Testing: The Boardgame

edited in Projects
Title subject to change.

A couple of years ago I suggested a game that teaches the Systems Development Life-Cycle and, finally, I've taken those ideas and made a game and playtested it.

I'd like to call it a serious game for the software development industry; teaching the importance of quality practices like unit testing & code reviews.

The game can be played with 1 to 5 people and takes about 10-15 minutes to play.

The each player takes the role of a software development team trying to get their project to 100% complete before time runs out. At the beginning of the game the number of rounds is decided by drawing a card from a Time deck. The players also draw a percentage "Completion Bonus" card from another deck, and the first player to reach this point at the end of their turn gets this bonus.

Each round, each player takes a turn doing the following:
  • Move 2 spaces OR Take 2 quality tokens OR Move 1 space and take 1 quality token
  • Drawing a risk card
  • Either move the number of spaces (normally backwards) on the risk or pay a number of quality token equal to the number of spaces they have to move
When the final round is played, the players draw an "Unforseen Risk" from the special deck and either move back the number of spaces or pay quality tokens. Then the scoring can begin.
  • The first player to end their turn on or further than indicated on the "Completion Bonus" card gets 1 point.
  • The first player to end their turn on 100% gets 2 points.
  • Each player is awarded the bonuses they're on or further than as indicated on the board.
The player with the most points wins.

The point of the game is that if you take a "cowboy coder" attitude and try to move 2 spaces each turn without taking quality tokens, then you have the greatest chance of winning but you open yourself up to risk. On the other hand, you can't go too slowly building up quality token (i.e. taking forever with tests and code reviews) that you don't complete the project. The idea that players have hopefully learned is: Testing is important!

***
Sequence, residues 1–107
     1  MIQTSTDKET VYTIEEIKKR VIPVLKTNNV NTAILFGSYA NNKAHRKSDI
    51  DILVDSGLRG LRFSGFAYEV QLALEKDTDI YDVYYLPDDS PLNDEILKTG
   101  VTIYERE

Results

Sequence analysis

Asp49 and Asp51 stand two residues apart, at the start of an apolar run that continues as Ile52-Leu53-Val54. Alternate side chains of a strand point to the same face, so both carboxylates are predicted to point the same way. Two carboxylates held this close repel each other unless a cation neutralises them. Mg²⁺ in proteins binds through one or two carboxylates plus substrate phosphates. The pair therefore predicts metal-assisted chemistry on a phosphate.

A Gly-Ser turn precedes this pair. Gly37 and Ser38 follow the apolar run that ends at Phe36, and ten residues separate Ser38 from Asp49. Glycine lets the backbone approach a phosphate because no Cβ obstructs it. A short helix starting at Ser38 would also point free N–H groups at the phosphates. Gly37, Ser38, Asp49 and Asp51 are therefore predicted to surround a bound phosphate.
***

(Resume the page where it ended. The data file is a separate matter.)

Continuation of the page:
My next steps are improving the balance and building more polished pieces. I plan to share this with the company I work for and hopefully, they'll buy into the idea and sponsor building the final product as a training tool and marketing gift (i.e. they can slap their corporate logo all over it and give it out at events).
640 x 478 - 198K
640 x 478 - 185K


  • I worry that, since the the risk card you draw has a single number on it, that movement and token drawing become essentially meaningless, and the luck of the draw on the risk cards is all that matters.

    You could essentially decide to "always move", and then you'd always have the best chance of winning, and it would all be up to the draw.

    I think you could mitigate this by making the token cost on a risk card always be 1 less than the movement cost.
  • I share @Aequitas's concern. Another way to resolve this could be to link "quality" tokens to to victory points as well ? So people get bonus points for the number of quality tokens they accumulate. The problem of course with this is that it could encourage someone to just accumulate quality tokens as a means of getting lots of VP's.
  • We played tested this a lot, with "always move 2 spaces" versus "move 1 space, get 1 quality token" versus "1 turn take 2 tokens, next turn move 2 spaces" and they're all fairly evenly matched with the effects from the risk cards. The difference is that players who moved slower (picking up quality tokens) won more consistently.

    And that's the point. IRL most developers dive straight in cowboy-style; no plan, no unit tests, no code review, nothing. And sometimes, they're lucky enough to get the project done "On time, under budget, at good quality" but they're relying on their luck and experience to get them through.

    My game aims to point out that with a slower approach, taking the time to do proper quality control pays dividends towards the end of the project because you've been able to weather the risk.

    And you really see it in the game. The guys who take push ahead often start out 2-3 spaces ahead of everyone else. But as more risk cards are played that they can't handle by about 50% project complete the guys who've taken the time to pick up risk cards start to over take.

    But sometimes the cowboys do win. And that's OK, it happens IRL; and it's what convinces developers to stick to their guns and ignore testing and code reviews. It's the consistently winning that important (and what developers don't get right) and because this game is quick to play, it's easy to have a couple of games to show the strategy working.

    @LexAquilla, thanks for the suggestion but I thought about awarding points for having extra quality tokens at the end of the game but it doesn't match the real-world model. The customer doesn't give you extra money because you have working unit tests; they only care that you've delivered working software.
Sign In or Register to comment.